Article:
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The ceremony took place at Westminster Abbey, with all the pomp and ceremony that had been part of George V’s coronation, 26 years before. While crowds lined the streets to watch the procession to Buckingham Palace, millions more tuned in to watch it on television and listen to it on the radio. No cameras were actually allowed into the Abbey, however, so a lot of what was broadcast took place outside. 

While the British Empire had peaked in its influence during Queen Victoria’s reign, displaying its might was still a major concern for those involved in planning the king’s coronation. Guests from the Commonwealth were invited to witness the ceremony, including royals from India and Africa.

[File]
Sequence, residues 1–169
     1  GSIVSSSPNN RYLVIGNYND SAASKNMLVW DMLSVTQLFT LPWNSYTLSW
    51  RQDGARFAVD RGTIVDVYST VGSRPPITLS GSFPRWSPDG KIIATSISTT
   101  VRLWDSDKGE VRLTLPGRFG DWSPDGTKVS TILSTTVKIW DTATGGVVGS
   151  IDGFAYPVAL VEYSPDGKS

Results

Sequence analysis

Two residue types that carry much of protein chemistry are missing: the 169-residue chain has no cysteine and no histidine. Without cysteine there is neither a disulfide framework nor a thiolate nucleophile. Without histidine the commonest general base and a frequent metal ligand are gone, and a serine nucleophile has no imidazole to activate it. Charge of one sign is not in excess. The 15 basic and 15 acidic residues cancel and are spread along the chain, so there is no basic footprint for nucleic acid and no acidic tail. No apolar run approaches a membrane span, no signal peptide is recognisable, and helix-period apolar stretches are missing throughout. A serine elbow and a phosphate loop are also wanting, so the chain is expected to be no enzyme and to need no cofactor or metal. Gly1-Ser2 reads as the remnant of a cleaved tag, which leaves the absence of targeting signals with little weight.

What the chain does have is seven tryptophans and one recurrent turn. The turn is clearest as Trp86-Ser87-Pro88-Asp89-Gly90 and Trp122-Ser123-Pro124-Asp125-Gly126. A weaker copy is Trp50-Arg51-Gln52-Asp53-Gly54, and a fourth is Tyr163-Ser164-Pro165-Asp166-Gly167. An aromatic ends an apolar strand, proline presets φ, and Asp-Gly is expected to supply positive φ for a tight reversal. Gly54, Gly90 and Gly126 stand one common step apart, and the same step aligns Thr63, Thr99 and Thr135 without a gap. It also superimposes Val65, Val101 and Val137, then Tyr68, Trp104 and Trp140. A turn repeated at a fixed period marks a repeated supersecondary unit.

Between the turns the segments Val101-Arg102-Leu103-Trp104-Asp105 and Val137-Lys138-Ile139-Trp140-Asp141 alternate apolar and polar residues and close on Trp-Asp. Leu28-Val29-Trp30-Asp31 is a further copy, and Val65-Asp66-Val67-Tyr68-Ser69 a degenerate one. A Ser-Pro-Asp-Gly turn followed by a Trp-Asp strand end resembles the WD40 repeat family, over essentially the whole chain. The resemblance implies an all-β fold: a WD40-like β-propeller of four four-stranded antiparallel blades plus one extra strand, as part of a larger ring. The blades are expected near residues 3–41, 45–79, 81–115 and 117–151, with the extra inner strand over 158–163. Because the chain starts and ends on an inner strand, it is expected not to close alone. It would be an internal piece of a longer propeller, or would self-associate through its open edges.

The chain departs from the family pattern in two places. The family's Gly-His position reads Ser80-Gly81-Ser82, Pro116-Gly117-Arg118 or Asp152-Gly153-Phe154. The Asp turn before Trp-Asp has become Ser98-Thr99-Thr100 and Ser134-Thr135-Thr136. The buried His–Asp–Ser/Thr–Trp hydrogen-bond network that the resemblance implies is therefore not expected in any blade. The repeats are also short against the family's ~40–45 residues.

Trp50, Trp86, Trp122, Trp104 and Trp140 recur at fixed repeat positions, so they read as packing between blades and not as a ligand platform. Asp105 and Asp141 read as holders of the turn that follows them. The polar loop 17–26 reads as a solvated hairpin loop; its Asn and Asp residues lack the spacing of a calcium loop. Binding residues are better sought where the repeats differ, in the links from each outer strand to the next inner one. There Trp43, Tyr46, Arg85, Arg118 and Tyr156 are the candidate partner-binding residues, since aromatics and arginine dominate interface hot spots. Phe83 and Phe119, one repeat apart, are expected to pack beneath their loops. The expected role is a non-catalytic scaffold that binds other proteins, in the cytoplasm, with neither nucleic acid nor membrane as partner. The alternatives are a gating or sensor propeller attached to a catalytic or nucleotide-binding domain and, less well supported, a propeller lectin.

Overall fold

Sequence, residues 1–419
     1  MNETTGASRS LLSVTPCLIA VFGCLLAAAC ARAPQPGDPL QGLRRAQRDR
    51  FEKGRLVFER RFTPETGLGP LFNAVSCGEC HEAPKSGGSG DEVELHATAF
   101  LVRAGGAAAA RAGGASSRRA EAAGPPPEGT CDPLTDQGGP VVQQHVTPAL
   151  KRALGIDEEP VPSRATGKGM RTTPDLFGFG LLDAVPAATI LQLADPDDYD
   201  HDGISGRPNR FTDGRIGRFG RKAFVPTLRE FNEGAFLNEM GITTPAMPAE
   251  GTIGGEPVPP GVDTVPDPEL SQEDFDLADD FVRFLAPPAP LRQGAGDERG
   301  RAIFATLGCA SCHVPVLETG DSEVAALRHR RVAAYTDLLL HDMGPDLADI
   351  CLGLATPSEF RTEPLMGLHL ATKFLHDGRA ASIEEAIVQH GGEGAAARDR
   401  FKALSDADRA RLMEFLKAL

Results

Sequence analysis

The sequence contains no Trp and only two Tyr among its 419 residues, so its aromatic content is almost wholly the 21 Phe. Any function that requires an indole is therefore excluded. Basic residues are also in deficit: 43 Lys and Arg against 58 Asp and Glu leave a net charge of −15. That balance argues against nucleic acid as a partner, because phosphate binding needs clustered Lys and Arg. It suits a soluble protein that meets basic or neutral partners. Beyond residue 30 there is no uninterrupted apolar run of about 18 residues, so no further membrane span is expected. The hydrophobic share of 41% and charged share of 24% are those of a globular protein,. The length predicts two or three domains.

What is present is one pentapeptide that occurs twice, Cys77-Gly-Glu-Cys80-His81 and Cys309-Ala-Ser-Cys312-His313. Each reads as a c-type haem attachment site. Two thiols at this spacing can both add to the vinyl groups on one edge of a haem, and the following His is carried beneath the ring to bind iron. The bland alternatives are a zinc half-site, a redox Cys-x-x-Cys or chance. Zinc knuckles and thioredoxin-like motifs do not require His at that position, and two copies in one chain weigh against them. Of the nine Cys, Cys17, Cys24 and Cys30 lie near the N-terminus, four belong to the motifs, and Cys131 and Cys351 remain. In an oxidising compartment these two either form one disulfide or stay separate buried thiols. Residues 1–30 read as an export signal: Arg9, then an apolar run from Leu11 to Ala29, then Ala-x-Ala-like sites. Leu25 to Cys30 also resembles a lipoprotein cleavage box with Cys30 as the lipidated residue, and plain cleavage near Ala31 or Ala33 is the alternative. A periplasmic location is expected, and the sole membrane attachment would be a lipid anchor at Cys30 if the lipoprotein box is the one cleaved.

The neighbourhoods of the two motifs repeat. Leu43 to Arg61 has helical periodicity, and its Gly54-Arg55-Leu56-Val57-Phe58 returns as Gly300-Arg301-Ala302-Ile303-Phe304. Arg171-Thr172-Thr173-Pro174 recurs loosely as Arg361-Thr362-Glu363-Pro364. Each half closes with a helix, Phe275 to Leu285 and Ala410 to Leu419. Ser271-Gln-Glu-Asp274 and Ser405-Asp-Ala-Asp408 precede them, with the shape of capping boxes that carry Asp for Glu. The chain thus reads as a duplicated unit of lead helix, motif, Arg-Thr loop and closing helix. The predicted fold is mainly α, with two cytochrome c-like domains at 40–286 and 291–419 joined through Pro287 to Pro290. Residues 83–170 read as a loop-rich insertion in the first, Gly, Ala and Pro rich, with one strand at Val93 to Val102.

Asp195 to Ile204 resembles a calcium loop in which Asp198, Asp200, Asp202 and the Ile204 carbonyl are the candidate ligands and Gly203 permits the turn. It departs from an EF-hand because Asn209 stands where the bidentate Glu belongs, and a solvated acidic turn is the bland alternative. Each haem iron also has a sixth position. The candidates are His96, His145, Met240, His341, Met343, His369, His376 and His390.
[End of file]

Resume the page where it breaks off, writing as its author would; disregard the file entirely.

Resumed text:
There were several notable mishaps on the day. For starters, the Dean of Westminster, who was very old and actually passed away later that same year, fell down some steps while carrying St Edward’s Crown, which is the diadem worn by the monarch during the ceremony. The service was described later on by the Queen as ‘inordinately long’, and some of the more elderly peers in attendance fell asleep in their seats. There was also an embarrassing moment when the Duke of Marlborough dropped some chocolates and lozenges, while one bishop trod on the king’s train.